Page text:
Blind Tasting #8: Tobermory 1994 25 Years (Kintra & Whisky Mercenary)
I believe I mentioned before that certain distilleries just have a recognizable style. Tobermory certainly is such a distillery—to me at least. So, I’m grateful Blind Tasting Competition organizer Nils van Rijn decided to fill sample #8 with a Tobermory 1994 25 Years, a joint bottling of Kintra and The Whisky Mercenary.
Tobermory is located on the Isle of Mull. It is one of the few places in Scotland I’ve yet to visit and with the current situation being what it is, it’ll probably stay that way for the foreseeable future. In recent years, many whisky drinkers will likely have come across a Ledaig or two; Tobermory’s peated single malt. There have been numerous independent bottlings of this style, many of them highly-praised and even dubbed the new Ardbeg by Serge Valentin.
By now their principal unpeated whisky, simply called Tobermory, has become somewhat overlooked. I’ve written reviews for a few, like the discontinued Tobermory 15 Years. Its flavour profile is, shall we say, divisive. I haven’t always been the biggest fan myself and I’m still not entirely convinced. It’s usually described as having a certain dirtiness, which to me translates to a distinct sourness and hint of copper coins. Green veggies sometimes.
It all depends on how that dirtiness interacts with other aspects of the whisky. If it’s the principal aroma, I’ll likely not enjoy it a whole lot. But if it is a complex whisky with room for other elements, Tobermory can be quite exquisite indeed. That is the case with this pick by Kintra and The Whisky Mercenary. But even then it still is an acquired taste.
Tobermory 1994 25 Years (50,9%, Kintra & Whisky Mercenary)
Nose: A touch of copper coins and sour beer, this sure smells like Tobermory to me (Ben Nevis sometimes has this distinct dirtiness as well). Soft tropical fruits as well, such as peaches and mango, but with a hint of vanilla sugar and traces of cloudy apple juice and rye bread.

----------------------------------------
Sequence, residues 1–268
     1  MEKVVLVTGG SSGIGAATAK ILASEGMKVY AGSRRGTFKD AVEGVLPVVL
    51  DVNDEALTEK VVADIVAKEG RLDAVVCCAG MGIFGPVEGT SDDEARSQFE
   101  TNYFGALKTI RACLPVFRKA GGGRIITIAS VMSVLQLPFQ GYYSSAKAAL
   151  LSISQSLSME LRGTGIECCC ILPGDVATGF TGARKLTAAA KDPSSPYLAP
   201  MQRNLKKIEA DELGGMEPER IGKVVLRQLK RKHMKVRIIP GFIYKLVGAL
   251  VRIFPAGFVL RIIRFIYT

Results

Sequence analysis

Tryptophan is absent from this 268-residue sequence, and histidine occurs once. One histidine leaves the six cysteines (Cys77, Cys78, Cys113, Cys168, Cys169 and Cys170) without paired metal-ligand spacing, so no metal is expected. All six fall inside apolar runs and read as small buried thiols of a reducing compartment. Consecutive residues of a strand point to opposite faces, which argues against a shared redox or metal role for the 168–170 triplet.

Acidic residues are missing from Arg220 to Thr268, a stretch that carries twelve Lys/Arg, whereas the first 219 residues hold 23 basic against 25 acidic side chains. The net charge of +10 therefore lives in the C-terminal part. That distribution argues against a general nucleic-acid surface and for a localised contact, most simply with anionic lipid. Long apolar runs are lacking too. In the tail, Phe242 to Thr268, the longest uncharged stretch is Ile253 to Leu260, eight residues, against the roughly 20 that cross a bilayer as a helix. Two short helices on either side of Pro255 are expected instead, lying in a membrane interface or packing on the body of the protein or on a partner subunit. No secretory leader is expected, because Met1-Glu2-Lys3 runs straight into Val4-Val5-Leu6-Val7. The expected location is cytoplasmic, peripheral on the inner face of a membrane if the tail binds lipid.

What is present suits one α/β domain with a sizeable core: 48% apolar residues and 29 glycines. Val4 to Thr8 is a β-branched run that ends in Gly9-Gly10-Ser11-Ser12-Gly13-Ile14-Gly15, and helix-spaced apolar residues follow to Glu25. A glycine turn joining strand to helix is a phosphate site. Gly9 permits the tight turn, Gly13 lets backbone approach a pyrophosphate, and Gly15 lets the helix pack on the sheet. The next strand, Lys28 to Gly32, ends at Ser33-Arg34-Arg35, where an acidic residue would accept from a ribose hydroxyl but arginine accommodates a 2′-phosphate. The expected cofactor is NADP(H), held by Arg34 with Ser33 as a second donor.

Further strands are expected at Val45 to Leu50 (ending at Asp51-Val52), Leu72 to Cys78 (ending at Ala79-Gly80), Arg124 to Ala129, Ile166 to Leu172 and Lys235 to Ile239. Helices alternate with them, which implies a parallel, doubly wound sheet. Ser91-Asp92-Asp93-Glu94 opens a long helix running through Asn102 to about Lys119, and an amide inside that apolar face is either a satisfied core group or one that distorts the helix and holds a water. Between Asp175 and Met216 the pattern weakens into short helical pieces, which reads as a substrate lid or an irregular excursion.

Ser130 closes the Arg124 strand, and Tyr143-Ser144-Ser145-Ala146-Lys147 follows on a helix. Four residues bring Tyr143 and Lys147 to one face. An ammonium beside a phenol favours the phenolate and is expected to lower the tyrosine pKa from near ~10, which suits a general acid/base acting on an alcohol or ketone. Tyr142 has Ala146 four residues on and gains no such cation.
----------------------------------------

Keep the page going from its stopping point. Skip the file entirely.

Taste: Creamy mouthfeel and a somewhat sweet (raw sugar) and spicy arrival (white pepper), with just a pinch of salt. A nice amount of almonds, some orange peel and more vanilla sugar.
Finish: Lingering orchard fruits and straw. Medium in length.
It took me many years to appreciate this type of profile, but I’m definitely a fan of this particular release. Considering the light colour, you might be surprised to hear it matured in a refill sherry butt. It’s not a obviously sherry-matured whisky, but the sweet arrival was a sign.
After the inimitable Croftengea, this constitutes the second time during this competition that I managed to pull of a perfect score (praise be!). While nosing it, my mind went straight to a mature Tobermory or Ben Nevis. After tasting it became clear to me that it had to be Tobermory, because it didn’t have those bright citrus notes of mid-1990s Ben Nevis.
What finally convinced me to pick this exact bottling, was something called the bubble test. I don’t know why you would’ve, but if you’ve ever shaken a whisky bottle, you’ll have noticed a foamy, bubbly head that’ll dissipate either very quickly or remain for a while. By judging how these bubbles behave, you can fairly accurately assess the ABV of a spirit. The bubble test of this Tobermory indicated a strength of roughly 50 percent.
Thijs is a spirits writer and accredited liquorist from The Netherlands. He runs the blog Words of Whisky and contributes to a number of Dutch and international publications.